Extract from: General View of the Agriculture of Galloway: Comprehending the two Counties of the Stewartry of Kirkcudbright and Wigtownshire, with observations on the means of their improvement, by Samuel Smith, minister at Borgue. Published in London 1813.

The section transcribed here relates to the creation and subsequent improvement of roads across Galloway, from the work of Rixon in building the original Military Road from Dumfries to Portpatrick in the late 1700's, to the work of Lord Daer who greatly improved road communication in the district, and to the building of Tongland Bridge under the direction of Thomas Telford.


There is no species of rural improvement, which, for a series of years, has more attracted the attention of the gentlemen in Galloway, than the planning, making, and keeping in repair the turnpike and parochial roads. This is an improvement of such importance in itself, and so intimately connected with almost every other, that it well deserves all the attention bestowed upon it, and will amply repay the large sums annually expended for this purpose.

According to the ancient custom of Scotland, established by a general law of the kingdom, the inhabitants of every parish were bound to employ themselves for six days every year, in repairing the parish roads, the occupiers of land providing horses and implements, in proportion to the extent of their possessions. That annual statute labour was the only fund for keeping roads in repair; and was perhaps sufficient for the purpose in those remote periods when wheel-carriages were unknown; where the produce of almost every farm was consumed by its own inhabitants, and where the utmost refinement of luxury did not extend beyond travelling on horseback.

The work thus imposed was sufficient to give a slight repair to the most impassable steps of the roads; but it would never be productive of any general or effectual improvement. A crowd of people were collected without order or method, under overseers who were in general both ignorant and careless; and who had little authority over them. The object of almost every individual was not so much to improve the roads as to get through the period prescribed by law with as little personal trouble as possible. Such desultory and feeble exertions were utterly inadequate to the task of making in a proper manner any considerable extent of road; and as the necessity of more extensive and substantial operations was felt, it became evident that a new system was necessary. Accordingly in the year 1779, the Stewartry of Kirkcudbright obtained an act of Parliament for imposing an assessment on the inhabitants and occupiers of lands, in lieu of the statute labour. In Wigtownshire a similar assessment was imposed in the year 1780 or 1781. Previous to this period, scarcely was there in either county a road deserving that denomination. The paths originally tracked out by the inhabitants had in some instances been made passable (though not without difficulty) for a wheel carriage; but as this had been effected by a number of successive petty improvements, the original tracks were invariably adhered to; and in a country of so broken and uneven a surface, it was naturally to be expected that steep ascents and descents would frequently occur. The tracks had at first been chosen by horsemen, whose chief object was to avoid bogs and morasses, and to whom a steep hill was a trifling inconvenience, when compensated by the advantage of passing over dry ground. This radical and incurable defect rendered these roads, after every improvement, extremely inconvenient, and precluded the possibility of conveying heavy loads without an extravagant number of horses.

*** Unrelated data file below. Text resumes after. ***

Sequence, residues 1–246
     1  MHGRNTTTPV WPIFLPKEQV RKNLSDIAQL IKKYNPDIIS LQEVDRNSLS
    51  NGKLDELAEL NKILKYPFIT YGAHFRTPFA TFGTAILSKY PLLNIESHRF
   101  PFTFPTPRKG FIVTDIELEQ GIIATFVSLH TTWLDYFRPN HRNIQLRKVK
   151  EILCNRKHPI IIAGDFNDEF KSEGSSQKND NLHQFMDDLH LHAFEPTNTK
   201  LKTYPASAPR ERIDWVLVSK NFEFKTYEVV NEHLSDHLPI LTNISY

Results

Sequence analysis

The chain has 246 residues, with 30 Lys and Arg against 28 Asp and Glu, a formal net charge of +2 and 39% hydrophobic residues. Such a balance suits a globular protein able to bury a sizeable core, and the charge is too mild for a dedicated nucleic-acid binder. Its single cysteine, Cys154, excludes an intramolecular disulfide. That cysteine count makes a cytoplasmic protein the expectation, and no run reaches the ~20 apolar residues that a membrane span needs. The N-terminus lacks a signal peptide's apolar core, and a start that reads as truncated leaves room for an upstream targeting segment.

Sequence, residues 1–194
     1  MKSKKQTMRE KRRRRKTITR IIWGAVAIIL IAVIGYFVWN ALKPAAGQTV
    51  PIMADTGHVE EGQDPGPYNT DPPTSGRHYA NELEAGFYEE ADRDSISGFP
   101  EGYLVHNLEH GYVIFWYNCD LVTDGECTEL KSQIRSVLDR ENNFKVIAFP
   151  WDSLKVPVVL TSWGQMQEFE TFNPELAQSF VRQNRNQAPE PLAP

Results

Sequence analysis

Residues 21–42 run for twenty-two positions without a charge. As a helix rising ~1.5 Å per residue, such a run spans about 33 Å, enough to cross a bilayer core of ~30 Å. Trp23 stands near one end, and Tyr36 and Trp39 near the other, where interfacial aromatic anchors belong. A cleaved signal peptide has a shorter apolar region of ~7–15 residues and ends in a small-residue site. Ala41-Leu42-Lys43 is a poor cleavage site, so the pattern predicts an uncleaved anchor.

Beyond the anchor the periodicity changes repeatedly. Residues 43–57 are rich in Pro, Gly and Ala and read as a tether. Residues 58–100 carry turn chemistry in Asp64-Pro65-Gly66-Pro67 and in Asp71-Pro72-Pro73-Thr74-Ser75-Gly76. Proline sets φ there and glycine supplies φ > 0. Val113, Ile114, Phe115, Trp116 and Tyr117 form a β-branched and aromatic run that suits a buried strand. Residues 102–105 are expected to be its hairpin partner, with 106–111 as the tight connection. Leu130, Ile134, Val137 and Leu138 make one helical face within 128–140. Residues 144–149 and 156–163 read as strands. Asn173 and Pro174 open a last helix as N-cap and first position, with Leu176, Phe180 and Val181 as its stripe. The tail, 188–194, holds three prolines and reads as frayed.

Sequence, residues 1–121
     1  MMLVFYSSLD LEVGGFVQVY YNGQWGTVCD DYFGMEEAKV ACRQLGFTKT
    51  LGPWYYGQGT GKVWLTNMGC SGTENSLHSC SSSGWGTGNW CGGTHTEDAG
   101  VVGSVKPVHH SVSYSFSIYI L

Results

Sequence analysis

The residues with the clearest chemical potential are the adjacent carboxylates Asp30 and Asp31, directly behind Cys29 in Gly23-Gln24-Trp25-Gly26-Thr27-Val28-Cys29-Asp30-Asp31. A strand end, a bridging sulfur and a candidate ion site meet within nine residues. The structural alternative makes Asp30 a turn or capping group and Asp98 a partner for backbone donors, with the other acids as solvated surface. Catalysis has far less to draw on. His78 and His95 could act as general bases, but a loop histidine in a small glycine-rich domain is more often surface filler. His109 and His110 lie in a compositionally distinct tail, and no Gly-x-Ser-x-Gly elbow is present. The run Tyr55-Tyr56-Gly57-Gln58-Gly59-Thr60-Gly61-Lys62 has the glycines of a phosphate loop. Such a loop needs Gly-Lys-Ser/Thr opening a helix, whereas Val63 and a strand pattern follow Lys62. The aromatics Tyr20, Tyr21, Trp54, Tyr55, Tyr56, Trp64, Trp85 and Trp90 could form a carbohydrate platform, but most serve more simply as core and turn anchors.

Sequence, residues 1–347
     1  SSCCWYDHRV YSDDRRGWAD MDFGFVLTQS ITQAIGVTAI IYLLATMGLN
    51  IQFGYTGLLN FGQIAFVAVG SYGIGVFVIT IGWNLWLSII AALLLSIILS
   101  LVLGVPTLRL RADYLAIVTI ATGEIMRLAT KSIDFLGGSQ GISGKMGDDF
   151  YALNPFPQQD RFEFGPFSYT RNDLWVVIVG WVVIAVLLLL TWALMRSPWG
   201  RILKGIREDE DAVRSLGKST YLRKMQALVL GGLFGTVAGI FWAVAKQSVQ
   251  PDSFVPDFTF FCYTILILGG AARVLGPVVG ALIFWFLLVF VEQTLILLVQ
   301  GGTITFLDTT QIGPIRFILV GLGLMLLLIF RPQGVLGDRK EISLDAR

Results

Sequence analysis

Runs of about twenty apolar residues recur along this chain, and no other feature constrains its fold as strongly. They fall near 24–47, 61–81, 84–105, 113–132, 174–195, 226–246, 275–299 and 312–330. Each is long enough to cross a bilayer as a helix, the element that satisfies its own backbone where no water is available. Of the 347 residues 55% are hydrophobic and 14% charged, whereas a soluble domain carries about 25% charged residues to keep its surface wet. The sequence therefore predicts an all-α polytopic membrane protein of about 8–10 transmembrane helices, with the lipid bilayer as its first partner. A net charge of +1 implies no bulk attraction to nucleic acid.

About forty-five years ago the military road from Dumfries to Portpatrick was made, at the expense of Government, in a very substantial manner, but without deviating materially from the old line, which, like other tracks through the country, was carried from one height to another, without any rational object. This was the more unaccountable, because the surveyor appointed by Government (Colonel Rixon) was allowed to choose any line which he preferred; and a liberal grant had been placed at his disposal, for making the whole road completely and substantially. But the importance of level roads was either not then understood, or it had appeared impracticable to make a level road through so uneven a country. To those who understand the modern improvements in this art, the line of the military road must appear extremely preposterous. Perhaps, indeed, it was not more so than many great roads in the most opulent parts of England, where the old tracks are still adhered to, and where the surveyors appear to have no idea of the improvements which are practicable. Injudiciously, however, as it was planned, the advantages of a substantial and well made road for carriages were very striking, in a country were nothing of the kind had been made before; and this work appears to have had considerable effect in calling the attention of the gentlemen to the importance of a general improvement of the roads of the district.

After the conversion of the statute labour had produced a regular fund for the purpose, exertions were made, in many parts of the country, for repairing the roads in a substantial manner ; and in some instances for conducting them in a more convenient direction. But the first attempts of this kind were carried on in a very injudicious manner; no systematic plan was adhered to, and the most trifling objects of individual interest, were often allowed to obstruct important improvements. Fortunately for the country, an example of more liberal and enlightened management was given, before the work of renewing the roads had made very great progress. Basil William, Lord Daer, as has been already mentioned, had early turned his attention to this important branch of rural economy. He perceived the essential consequence of good roads as a preliminary step to every species of agricultural improvement; and saw that the expense of making them anew in the most convenient directions, though very considerable, would be speedily and amply repaid by the advanced value of the farms, which would thereby obtain the benefit of a cheap and easy conveyance for manures and for the produce of the land.